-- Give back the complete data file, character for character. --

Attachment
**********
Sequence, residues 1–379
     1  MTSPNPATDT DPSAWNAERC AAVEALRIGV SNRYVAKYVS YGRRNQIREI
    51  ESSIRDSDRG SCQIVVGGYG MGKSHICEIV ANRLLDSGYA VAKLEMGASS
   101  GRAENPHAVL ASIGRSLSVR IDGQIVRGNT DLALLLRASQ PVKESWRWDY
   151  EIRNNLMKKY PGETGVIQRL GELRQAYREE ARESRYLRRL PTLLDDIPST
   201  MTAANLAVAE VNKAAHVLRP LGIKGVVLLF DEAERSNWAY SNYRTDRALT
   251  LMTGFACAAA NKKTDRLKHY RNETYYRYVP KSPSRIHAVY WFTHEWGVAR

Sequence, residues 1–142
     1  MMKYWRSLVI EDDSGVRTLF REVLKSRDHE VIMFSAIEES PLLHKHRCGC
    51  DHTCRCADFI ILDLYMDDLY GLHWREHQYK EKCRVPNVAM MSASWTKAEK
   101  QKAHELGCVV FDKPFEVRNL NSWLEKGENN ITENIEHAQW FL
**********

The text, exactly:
Sequence, residues 1–379
     1  MTSPNPATDT DPSAWNAERC AAVEALRIGV SNRYVAKYVS YGRRNQIREI
    51  ESSIRDSDRG SCQIVVGGYG MGKSHICEIV ANRLLDSGYA VAKLEMGASS
   101  GRAENPHAVL ASIGRSLSVR IDGQIVRGNT DLALLLRASQ PVKESWRWDY
   151  EIRNNLMKKY PGETGVIQRL GELRQAYREE ARESRYLRRL PTLLDDIPST
   201  MTAANLAVAE VNKAAHVLRP LGIKGVVLLF DEAERSNWAY SNYRTDRALT
   251  LMTGFACAAA NKKTDRLKHY RNETYYRYVP KSPSRIHAVY WFTHEWGVAR

Sequence, residues 1–142
     1  MMKYWRSLVI EDDSGVRTLF REVLKSRDHE VIMFSAIEES PLLHKHRCGC
    51  DHTCRCADFI ILDLYMDDLY GLHWREHQYK EKCRVPNVAM MSASWTKAEK
   101  QKAHELGCVV FDKPFEVRNL NSWLEKGENN ITENIEHAQW FL